(HAQ) [19, 20], and visual analog scale (VAS) for pain and
general health were measured on every follow-up occasion.
The Disease Activity Score using 28-joint count (DAS28)
was calculated at inclusion and on every follow-up occasion
(www.das-score.nl). Anti-rheumatic treatment in this study
was recorded as DMARDs (disease-modifying antirheumatic
drugs, that is non-biologics), biologics and glucocorticoids
and was registered at each follow-up point. The disease
duration was calculated from the start of the symptoms. In
this study, patients had to have disease duration of ? 2 years
at inclusion to be enrolled in the study.
number of swollen joints (of 28), tender joints (of 28), ESR,
and the patient’s global assessment . EULAR (European
League Against Rheumatism) response was calculated from
the DAS28 scores . The patients were classified into one
of three EULAR response groups: no response, moderate
response, or good response. A EULAR good responder had
to demonstrate an improvement of at least 1.2 units and
achieve an absolute score of < 3.2. A non-responder should
show an improvement of < 0.6, or > 0.6 and ? 1.2, and have
a final DAS28 of > 5.1 (www.das-score.nl). EULAR
response was analysed at 1, 2, 5 and 8 years of follow-up.
The choice of DMARD treatment in the BARFOT study was
left to the discretion of the rheumatologist. Serum antibodies
to cyclic citrullinated peptide were analyzed using the
Immunoscan-RA ELISA CCP2 test (Euro-Diagnostica,
Malmö, Sweden). A titer above 25 units/ml was regarded as
The DAS28 is a composite score consisting of the
Self-Completion Postal Questionnaire in 2010
were still alive in the BARFOT study (n = 2102) received a
self-completion postal questionnaire assessing smoking
habits, smoking cessation, pack-year data, snuff use, second-
hand smoke exposure, alcohol use, diet, pain, medication,
comorbidities, height, weight, waist circumference, ADL
function, and physical activity. Demographics such as
occupation and immigrant status were also recorded. The
occupations were coded according to the latest version of the
socioeconomic status (Socioekonomisk indelning, SEI) in
Sweden. The socioeconomic status was assessed as manual
worker, lower white-collar worker, upper white-collar
worker, self-employed, and other according to the SEI.
Between March and September 2010, all patients who
to assess smoking retrospectively and also in a cross-
sectional manner in 2010, enabling us to calculate the current
prevalence of smoking in that year in the BARFOT study.
The questions “Are you a smoker?” “What year did you start
smoking?” “What year did you stop smoking?” “How many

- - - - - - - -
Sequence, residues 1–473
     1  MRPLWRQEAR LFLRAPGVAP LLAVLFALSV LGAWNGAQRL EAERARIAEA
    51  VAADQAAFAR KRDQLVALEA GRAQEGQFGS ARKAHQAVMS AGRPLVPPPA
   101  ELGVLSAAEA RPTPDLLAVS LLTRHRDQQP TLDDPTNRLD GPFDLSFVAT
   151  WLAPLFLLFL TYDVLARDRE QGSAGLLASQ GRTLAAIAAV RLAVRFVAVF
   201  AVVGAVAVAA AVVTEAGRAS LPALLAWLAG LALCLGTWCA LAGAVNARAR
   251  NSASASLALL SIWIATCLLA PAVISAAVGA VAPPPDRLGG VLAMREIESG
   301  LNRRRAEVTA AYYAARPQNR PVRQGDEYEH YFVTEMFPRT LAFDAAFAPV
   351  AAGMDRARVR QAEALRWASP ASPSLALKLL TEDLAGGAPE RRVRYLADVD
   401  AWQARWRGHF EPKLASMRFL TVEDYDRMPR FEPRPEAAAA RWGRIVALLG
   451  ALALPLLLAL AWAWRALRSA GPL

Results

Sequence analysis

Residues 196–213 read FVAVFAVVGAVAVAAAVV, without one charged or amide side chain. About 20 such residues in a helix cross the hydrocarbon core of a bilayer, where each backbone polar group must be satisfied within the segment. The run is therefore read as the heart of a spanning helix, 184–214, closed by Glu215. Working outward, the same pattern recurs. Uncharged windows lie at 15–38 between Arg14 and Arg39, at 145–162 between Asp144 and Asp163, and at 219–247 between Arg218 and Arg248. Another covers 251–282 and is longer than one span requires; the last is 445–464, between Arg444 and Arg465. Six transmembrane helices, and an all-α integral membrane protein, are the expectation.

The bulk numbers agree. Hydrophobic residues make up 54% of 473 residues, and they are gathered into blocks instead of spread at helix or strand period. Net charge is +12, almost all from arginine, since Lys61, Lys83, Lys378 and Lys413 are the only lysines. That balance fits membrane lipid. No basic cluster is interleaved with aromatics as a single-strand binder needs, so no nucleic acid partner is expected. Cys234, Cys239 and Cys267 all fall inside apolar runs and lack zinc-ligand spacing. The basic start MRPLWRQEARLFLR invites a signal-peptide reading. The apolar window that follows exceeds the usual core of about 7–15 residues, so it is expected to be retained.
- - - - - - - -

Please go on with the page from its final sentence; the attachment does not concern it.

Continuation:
cigarettes do you/did you smoke per day?” permitted the
calculation of pack-years (one pack-year is consumption of
20 cigarettes a day for one year). All the patients received
written information about the questionnaire in 2010, and the
ethical committee at Lund University approved the
BARFOT study and the postal questionnaire in 2010.
The 2010 self-completion postal questionnaire enabled us
response at inclusion and at 2, 5 and 8 years of follow-up,
Our primary objective in the study was to study EULAR
and our secondary objectives were to study the absolute
DAS28 values, the individual components of the DAS28,
and the HAQ stratified according to smoking class at the
same follow-up points.
as appropriate. The Kruskall-Wallis test was used to assess
demographics and disease activity between the patients who
had never been smokers, those who were current smokers,
and those who had stopped smoking before and after
inclusion in the study. Post hoc analyses using standardized
residuals were used to detect differences in EULAR
response, stratified for the different smoking categories.
Spearman’s correlation coefficient was used to assess
correlation between year of stopping smoking before
inclusion and disease activity at inclusion. For the EULAR
response at 2, 5 and 8 years, only the patients who had
stopped smoking before these time points in the “stopped
smoking after inclusion”
The Mann-Whitney U-test and chi-square test were used
category were analysed,
whether smoking cessation after inclusion in the study was
an independent factor for EULAR response. The outcome of
the regression analysis was good vs moderate or no EULAR
response at 8 years of follow-up. The following variables
were entered into the multiple logistic regression model at
inclusion: age, disease
socioeconomic class (manual worker, lower or upper white-
collar worker, self-employed, other), smoking class (never
smoker, current smoker, stopped smoking before or after
inclusion), RF, and DAS28 at inclusion. In this analysis,
patients who had stopped smoking > 7 years after inclusion
were excluded (n = 42). The variables entered in the
regression analysis were checked for colinearity.
A multiple logistic regression analysis was used to assess
duration (months), sex,
completion postal questionnaire in 2010. Of these, 1,460